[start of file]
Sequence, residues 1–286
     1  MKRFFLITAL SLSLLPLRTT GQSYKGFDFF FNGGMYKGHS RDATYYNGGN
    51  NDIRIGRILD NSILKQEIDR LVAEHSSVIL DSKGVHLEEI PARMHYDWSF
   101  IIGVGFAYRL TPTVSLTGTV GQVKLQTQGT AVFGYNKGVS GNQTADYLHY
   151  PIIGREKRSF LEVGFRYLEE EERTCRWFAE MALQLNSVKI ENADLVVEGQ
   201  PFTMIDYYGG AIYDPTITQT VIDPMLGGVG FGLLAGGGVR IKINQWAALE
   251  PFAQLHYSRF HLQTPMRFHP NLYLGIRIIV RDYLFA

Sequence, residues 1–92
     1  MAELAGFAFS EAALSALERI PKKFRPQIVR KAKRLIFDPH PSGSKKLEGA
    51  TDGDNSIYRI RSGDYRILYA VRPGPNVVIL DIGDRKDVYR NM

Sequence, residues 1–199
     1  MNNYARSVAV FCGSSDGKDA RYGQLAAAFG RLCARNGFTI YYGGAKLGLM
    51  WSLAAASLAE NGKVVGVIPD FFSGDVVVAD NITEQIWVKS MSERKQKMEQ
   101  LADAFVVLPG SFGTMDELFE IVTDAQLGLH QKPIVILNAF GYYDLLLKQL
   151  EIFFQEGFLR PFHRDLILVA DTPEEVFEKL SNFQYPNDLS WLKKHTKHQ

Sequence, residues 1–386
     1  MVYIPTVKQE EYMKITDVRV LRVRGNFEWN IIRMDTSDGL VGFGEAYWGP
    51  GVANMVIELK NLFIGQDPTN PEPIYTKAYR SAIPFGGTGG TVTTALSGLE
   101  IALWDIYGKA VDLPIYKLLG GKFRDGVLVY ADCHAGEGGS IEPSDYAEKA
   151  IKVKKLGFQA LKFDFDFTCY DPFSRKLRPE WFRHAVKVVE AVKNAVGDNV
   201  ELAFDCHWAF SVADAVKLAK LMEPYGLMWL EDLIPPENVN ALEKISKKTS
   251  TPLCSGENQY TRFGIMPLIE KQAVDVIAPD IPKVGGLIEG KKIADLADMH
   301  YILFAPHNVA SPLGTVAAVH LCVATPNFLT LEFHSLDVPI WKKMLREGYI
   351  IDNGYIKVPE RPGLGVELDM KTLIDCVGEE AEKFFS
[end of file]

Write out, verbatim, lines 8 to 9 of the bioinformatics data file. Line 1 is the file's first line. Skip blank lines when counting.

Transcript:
Sequence, residues 1–92
     1  MAELAGFAFS EAALSALERI PKKFRPQIVR KAKRLIFDPH PSGSKKLEGA